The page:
This is my general methodology that I use with macro flowers, but aspects such as aperture and flash usage will sometimes vary between subjects. Sometimes I might want a greater or lesser depth of field or the lighting is illuminating the whole area of the subject naturally and further assistance from the flash is not needed.
For example if I were to do some photostacking of a single flower I would want a very small depth of field so as to get each layer of the flower in focus for each different frame, rather than get the whole flower in one single frame (guide for photo stacking coming up later)

And now that you know how I do it here is today’s instalment of photos. Today I was trying to focus a little more on composition rather than on settings and such.

All shots taken with:
Cannon ESO 400D
Sigma 70-300mm f/4-5.6 DG Macro lens
Tripod 055XPROB + 322RC2

For settings save to computer and review properties.

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f16, ISO 100, 1/13sec
The background for this is well blurred, but a little busy I felt. If it had been more mono coloured it would have worked well, but the brows and greens create a distraction.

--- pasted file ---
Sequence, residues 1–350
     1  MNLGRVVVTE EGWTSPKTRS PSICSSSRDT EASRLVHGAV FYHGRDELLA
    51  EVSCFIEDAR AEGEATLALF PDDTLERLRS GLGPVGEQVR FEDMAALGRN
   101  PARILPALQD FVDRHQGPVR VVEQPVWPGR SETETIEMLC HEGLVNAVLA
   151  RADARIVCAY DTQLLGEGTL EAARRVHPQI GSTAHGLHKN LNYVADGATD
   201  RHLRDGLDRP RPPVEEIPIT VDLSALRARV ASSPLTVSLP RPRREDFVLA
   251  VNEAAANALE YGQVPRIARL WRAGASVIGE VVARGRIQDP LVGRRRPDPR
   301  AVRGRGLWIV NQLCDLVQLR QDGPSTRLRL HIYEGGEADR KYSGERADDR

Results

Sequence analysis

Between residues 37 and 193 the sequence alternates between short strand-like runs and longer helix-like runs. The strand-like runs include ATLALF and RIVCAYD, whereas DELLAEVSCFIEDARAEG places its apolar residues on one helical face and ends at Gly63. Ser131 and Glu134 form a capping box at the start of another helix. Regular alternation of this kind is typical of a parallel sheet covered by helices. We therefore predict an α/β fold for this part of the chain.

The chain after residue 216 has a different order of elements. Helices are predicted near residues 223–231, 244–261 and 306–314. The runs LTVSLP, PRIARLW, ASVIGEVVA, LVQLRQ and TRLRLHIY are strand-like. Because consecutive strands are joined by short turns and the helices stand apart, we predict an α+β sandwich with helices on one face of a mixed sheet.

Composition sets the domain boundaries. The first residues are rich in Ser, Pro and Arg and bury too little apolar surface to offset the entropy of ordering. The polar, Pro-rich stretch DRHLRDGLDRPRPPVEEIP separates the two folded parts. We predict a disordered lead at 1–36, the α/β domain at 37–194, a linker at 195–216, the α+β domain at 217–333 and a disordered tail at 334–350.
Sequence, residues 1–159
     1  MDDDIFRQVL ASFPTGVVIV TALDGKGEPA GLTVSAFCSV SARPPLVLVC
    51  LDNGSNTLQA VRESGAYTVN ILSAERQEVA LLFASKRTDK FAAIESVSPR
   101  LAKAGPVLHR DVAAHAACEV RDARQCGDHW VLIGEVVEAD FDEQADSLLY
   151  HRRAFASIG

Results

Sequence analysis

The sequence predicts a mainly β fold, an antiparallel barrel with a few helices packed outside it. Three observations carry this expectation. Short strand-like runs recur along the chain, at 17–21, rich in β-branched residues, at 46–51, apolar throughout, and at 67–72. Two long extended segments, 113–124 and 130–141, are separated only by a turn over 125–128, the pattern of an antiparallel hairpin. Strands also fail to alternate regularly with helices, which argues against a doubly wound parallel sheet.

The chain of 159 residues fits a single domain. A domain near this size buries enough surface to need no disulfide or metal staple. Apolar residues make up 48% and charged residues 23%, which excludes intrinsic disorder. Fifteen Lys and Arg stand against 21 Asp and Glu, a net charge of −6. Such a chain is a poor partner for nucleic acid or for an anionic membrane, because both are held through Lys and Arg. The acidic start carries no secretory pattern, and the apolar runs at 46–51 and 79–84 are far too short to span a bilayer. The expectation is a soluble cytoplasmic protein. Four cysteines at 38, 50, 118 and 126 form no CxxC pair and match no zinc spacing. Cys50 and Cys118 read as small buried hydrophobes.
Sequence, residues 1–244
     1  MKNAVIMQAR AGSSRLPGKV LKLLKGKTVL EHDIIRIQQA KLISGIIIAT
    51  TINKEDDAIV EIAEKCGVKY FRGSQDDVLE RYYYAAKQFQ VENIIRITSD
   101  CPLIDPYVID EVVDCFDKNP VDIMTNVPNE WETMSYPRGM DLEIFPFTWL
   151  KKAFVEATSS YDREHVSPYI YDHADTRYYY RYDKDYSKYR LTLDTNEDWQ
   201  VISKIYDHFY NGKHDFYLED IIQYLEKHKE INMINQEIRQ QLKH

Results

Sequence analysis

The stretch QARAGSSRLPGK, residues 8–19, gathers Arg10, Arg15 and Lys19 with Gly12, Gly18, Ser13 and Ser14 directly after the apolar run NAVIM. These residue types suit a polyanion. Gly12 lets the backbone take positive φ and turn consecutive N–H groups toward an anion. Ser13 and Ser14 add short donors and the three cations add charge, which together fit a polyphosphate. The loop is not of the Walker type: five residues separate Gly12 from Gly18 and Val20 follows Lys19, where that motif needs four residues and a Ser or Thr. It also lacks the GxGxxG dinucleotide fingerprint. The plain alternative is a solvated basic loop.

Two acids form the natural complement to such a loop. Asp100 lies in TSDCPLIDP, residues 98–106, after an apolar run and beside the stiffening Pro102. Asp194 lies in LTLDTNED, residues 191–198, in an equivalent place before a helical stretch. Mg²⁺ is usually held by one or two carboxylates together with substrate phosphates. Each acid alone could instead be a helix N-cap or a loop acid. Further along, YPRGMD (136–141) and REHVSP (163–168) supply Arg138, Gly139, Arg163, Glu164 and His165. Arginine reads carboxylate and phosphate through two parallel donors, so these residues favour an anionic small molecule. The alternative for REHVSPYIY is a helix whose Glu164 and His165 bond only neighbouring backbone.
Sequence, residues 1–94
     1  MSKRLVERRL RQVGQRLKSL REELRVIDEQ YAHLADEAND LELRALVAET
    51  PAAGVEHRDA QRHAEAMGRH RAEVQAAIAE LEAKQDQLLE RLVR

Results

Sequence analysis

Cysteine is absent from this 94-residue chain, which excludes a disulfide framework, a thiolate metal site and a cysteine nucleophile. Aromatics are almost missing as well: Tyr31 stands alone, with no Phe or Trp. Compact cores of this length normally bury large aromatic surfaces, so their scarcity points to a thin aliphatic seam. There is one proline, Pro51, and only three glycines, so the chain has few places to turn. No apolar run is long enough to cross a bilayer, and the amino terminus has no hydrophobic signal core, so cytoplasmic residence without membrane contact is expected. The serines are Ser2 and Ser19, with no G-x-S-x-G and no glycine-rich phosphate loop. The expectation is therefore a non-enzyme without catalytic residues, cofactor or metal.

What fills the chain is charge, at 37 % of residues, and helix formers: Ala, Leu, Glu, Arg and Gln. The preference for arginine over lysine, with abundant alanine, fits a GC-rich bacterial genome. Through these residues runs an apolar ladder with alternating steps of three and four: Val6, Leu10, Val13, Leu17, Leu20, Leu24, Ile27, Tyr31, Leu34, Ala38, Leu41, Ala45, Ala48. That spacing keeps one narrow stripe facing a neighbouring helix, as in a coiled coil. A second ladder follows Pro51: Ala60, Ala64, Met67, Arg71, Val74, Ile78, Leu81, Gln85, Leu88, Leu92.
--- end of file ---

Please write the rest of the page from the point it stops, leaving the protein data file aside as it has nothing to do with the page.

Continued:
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f16, ISO 100, 1/5sec
Again a busy background, I have thought about cropping both this and the first shot to try and focus in on the flower details

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f16, ISO 100, 1/2sec
This came out wonderfully. The angle on the plant works very well and the background, whilst full, is nice and mono-themed so that it blends into the overall shot and does not distract

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f16, ISO 100, 1/6
An attempt at repeating the above shot, but this does not work out as well. The leaf is distracting, the angle of the plant is a little off (ideally I wanted it pointing at the top right hand corner) and the background is a little busy. Not a bad technical shot, but not what I was hoping for the end results.

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f16, ISO 100, 1/8sec (also using -2 exposure compensation)